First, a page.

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How do you reduce road sign clutter without affecting road safety?

The UK’s roadsides have become ridiculously cluttered, with the number of road signs more than doubling since 2003 to over 4.6 million today.

And when he announced the new proposals, Roads Minister Robert Goodwill MP was right to say “This is causing unnecessary clutter in our towns and cities”.

Road Signs

So on the face of it, the idea of devolving more responsibility back to the local councils and giving them more freedom to reduce the amount of signage deployed sounds great in principle – and that’s what is driving the recently announced consultation.

What’s It All About

The proposals set out some significant changes to the Traffic Signs Regulations and General Directions (TSRGD) legislation and aims to give local authorities a much more proactive role in deciding when and where to place signs, allowing traffic authorities to choose to place fewer new signs and remove existing signs.

It will also enable greater freedom in determining where road signs or road markings are the most appropriate form of communication to the road user.

Changes to the design rules for direction signs will also help reduce the size and appearance of these signs, reducing the amount of visual clutter they can create.

In addition, it is hoped that the changes to sign illumination requirements will also help reduce clutter, removing the need for unsightly luminaries.

Does It Make Sense?

At first it may seem a little counter-intuitive to say that by cutting the amount of road signs we can ensure that our roads are even safer for cyclists and motorists, as many would argue that improving road safety is the very reason why many of these signs were installed in the first place.

However, that is what the consultation sets out to challenge.

The argument made is that “over-provision of signs can have a detrimental impact on the environment and can dilute important messages. If they result in information overload for drivers they can contribute to driver distraction, which can have an impact on road safety.”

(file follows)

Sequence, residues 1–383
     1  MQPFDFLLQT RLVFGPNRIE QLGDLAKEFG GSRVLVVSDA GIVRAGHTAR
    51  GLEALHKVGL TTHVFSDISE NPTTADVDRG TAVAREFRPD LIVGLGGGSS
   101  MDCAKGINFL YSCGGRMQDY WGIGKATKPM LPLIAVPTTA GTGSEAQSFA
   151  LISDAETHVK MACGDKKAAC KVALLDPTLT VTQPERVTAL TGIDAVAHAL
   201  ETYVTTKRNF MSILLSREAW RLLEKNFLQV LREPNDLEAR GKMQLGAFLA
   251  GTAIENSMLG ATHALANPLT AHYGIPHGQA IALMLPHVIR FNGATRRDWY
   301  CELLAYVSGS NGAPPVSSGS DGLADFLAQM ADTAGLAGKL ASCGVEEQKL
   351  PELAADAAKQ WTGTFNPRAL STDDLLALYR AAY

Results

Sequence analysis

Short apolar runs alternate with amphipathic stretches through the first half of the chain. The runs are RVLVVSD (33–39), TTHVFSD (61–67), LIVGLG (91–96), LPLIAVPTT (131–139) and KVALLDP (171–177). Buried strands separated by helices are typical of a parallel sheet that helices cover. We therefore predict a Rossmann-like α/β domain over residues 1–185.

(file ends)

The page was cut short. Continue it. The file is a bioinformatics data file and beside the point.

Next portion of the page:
This is something we can all agree on.

We’ve all driven through unfamiliar towns and cities and had those fraught moments when sat nav is lost and you rely on the road signs – only to be bombarded by a mass of signage and you have a split second in which to take it all in and make an educated guess about which way to go.

On the whole, the proposals seem to redress the balance between practical safety and information communication, and the ‘health and safety gone mad’ factions that prevailed in the late 90s into the noughties.

However, we still need to ensure that balance is properly struck.

Some authorities might this purely as an opportunity to save money as we continue to see budgets cut, so it is critical to ask why the road signs and road markings were placed there originally.

If they really are superfluous, then by all means remove them – but if they have a genuine reason for being, then ask what would happen if they were no longer there?

Will Our Roads Be Safer Without The Signs?

If we start to reduce road signage and road markings, how do we ensure that road users are alerted to hazards on the road network? Sharp bends, blind corners, complex junctions exist right across the network and any notion to remove signage or markings has to be done justifiably.

Without some sense of warning (especially at night), many of these areas quickly deteriorate to become accident blackspots.

In many cases, we have seen road signs and white lining replaced by more visual but less intrusive measures, such as the Astucia SolarLite road studs, which provide active definition of the road layout ahead for up to 900m.

Where they have been deployed in accident reduction schemes they have been proven to decrease night-time accidents by up to 72%, turning some of the UK’s worst roads such as the A4128 in Buckingham into the most improved.

If you’d like to find out more about Clearview Traffic Group and our road safety solutions, please feel free to get in touch here.

Author: |Date Published: June 2014

Links: Route Safety

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